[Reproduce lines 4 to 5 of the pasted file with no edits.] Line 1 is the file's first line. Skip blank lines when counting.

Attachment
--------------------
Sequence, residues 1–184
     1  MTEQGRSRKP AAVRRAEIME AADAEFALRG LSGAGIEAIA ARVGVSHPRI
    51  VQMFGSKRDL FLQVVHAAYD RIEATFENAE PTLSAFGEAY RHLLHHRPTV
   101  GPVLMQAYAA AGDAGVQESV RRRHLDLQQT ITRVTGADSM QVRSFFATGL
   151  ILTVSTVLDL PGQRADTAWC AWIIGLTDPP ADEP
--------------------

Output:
   101  GPVLMQAYAA AGDAGVQESV RRRHLDLQQT ITRVTGADSM QVRSFFATGL
   151  ILTVSTVLDL PGQRADTAWC AWIIGLTDPP ADEP